My Airport Fugitive Moment
by Karen De Coster
by Karen De Coster
I have an amusing story about airport authoritarianism and the halfwits that endorse such twaddle. Not too long ago, I had an episode where I was a fugitive at Chicago's O'Hare airport — a very proud and comical moment for me. All details therein are entirely true. Let me explain.
As we know, the Good Little Citizen Sheeple have been sold on the Homeland Security/Look at Me, I'm Combating Terrorism mentality. Like Atlas Shrugged's good little citizenry, these model residents snitch on their fellow humans as they proudly uphold each and every warm-and-fuzzy government edict. This, they think, is "doing their noble duty."
I have come to detest air travel post-9/11. Considering I am a person who has 100,000 frequent flyer miles currently logged, mainly in the half-dozen or so years preceding 9/11, the Gestapo-like airline industry has mostly lost a darn good customer.
First off, a typical security check-in for me at the airport includes the usual bit: juggle my carry on while I take the laptop out of its bag and put it on the belt, take my jacket off and put that through x-ray, put my purse through, and then, as my two hands are juggling a job for six, there's the shoe strip as well. Unbuckle my shoes and, in bare feet, walk over a floor that is trampled with revolting, dirty feet all day long. By the way, where are the government health inspectors on that one?
Then at the end of the x-ray belt, I struggle to put everything back on and regain my composure as TSA agents bark out orders and tell me, "Hey, you can't do that here." Well, where exactly should I do this Ms. Hardnose TSA, who looks and acts more like a man than most men? Shoes, laptop, laptop bag, carry-on bag, purse, jacket — some of it has to go on me before I can carry the rest of it. God only gave me two small arms, and no built-in trailer to hitch up to my backside.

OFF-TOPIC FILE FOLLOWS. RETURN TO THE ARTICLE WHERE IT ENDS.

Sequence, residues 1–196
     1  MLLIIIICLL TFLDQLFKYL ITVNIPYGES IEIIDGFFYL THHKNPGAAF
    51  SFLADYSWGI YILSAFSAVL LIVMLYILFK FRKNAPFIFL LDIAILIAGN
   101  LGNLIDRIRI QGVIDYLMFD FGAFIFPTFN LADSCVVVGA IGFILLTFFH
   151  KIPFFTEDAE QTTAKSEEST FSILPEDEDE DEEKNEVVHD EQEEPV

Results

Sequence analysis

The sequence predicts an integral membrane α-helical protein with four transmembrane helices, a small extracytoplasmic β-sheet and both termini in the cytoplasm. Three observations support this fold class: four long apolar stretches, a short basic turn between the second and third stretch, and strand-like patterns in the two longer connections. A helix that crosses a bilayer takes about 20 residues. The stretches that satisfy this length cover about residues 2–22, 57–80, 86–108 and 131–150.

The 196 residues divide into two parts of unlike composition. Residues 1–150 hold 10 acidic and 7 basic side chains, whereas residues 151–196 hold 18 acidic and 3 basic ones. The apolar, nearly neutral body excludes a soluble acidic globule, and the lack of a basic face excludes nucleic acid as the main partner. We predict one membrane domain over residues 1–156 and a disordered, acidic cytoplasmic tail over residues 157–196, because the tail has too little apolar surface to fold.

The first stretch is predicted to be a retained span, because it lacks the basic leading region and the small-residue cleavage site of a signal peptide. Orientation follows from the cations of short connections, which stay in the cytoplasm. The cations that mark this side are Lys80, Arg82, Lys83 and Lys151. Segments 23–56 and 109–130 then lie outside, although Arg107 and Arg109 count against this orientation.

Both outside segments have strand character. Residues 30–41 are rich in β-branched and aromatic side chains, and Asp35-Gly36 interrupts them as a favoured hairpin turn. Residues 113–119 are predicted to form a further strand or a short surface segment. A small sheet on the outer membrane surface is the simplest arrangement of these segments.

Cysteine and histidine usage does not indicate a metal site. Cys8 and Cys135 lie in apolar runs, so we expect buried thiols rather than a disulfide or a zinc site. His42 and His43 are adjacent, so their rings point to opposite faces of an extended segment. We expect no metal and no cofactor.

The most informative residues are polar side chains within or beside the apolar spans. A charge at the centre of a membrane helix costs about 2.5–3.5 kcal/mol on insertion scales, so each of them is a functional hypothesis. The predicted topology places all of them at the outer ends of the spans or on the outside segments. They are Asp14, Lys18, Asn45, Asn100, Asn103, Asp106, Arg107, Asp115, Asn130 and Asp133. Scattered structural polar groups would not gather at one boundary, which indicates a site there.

Past the security spectacle, where the average passenger bent over gleefully for the next round of pointless orders, I arrived at my gate, and sat down for a bit. I saw, across the concourse, a news stand and a food café, and so I thought I'd check out the food menu and maybe a few magazines while I'm there. The trashy celebrity rags like the Enquirer, Globe, and Star are my absolute favorite flight material. Pictures of a bloated Kirstie Alley or an arguing Alec Baldwin and Kim Basinger are indispensable to my usual, sleepless flight.
While sitting there, I decided to walk the few feet across the concourse to browse and kill time, so I put my small but heavy duffel bag on my seat to save it, and also, to relieve my twice-operated-on shoulder of the burden of dragging around 20-plus pounds. From where I'd be, I could easily keep an eye on my bag, which contained expensive photo equipment. Sitting two seats down was an unkempt woman of sorts, complete with the whole frumpy look. I didn't pay any attention to her at that time, but boy would she ever render me speechless me just moments from then.
Across the concourse from these seats was the cafe, where I headed to look at the food menu. I was minding my own business, looking through the cafe menu, preparing to order an egg sandwich, when, a few minutes later, out of nowhere, came That Woman who was sitting two seats down from me. "They're looking for you, they're looking for you," she blurted in chirping tones, as she pointed down the concourse. Startled, I looked in the direction of her fat, little finger, and I saw what appeared to be an airline gate agent and an airport security person. They were walking around looking for someone.
Her hassling of me continued with, "You left your bag unattended!" I stopped, keeping my eye on the two Gestapo that were quite a ways away, barely seeing me and my keeper through all the foot traffic and the busy middle kiosk, and I said, "So??" I turned away, and she was desperately trying to get the attention of the Gestapo, pointing to the fugitive that had dared to leave her duffel bag unattended. She was my identification microchip, and she was under my skin.
I slithered around the kiosk, ditching in and out of people, knowing that the straining looks of the Gestapo meant that they never really got close enough to get a good look at me. But my bag! Where was it now? It was still there when That Woman flagged me down, but had Hitler's henchmen confiscated it by now?
I'm looking for the Gestapo, and can see them approaching That Woman, with her finger pointing madly down the concourse, like someone had just changed her channel, and ripped the remote control from her hands during her favorite sitcom rerun. She was a teacher, I bet, and a chatty troublemaker in the break room, where she talked about A to B, and B to A, and well, you know the type.